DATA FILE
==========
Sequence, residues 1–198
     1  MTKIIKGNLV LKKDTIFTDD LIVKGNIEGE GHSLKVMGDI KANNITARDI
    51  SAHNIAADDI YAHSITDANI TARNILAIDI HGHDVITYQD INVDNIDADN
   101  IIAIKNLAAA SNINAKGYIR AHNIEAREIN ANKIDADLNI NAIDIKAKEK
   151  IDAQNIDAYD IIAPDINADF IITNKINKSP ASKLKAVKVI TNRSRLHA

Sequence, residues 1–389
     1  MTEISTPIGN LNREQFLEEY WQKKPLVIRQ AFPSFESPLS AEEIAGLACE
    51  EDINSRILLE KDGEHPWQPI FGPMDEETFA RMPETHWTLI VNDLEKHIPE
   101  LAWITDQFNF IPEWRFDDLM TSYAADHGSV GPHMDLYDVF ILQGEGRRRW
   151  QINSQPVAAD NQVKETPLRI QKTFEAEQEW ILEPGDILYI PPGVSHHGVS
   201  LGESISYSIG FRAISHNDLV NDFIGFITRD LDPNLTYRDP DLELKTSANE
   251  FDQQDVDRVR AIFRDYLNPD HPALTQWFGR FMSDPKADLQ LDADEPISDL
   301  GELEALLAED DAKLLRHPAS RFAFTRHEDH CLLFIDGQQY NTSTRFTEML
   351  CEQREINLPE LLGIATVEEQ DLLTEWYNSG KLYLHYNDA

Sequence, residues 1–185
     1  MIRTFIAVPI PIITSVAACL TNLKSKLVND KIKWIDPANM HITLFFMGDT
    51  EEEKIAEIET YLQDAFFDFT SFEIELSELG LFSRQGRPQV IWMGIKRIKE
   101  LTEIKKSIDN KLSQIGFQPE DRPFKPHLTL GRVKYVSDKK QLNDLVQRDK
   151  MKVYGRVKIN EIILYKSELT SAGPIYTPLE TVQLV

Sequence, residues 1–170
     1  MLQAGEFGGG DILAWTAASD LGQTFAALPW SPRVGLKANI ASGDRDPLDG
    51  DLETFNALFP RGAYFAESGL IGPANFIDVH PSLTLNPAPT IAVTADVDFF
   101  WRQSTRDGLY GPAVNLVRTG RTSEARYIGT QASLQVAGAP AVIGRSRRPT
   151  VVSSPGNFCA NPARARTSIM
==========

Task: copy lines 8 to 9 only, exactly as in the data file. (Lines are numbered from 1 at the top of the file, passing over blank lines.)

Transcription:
    51  EDINSRILLE KDGEHPWQPI FGPMDEETFA RMPETHWTLI VNDLEKHIPE
   101  LAWITDQFNF IPEWRFDDLM TSYAADHGSV GPHMDLYDVF ILQGEGRRRW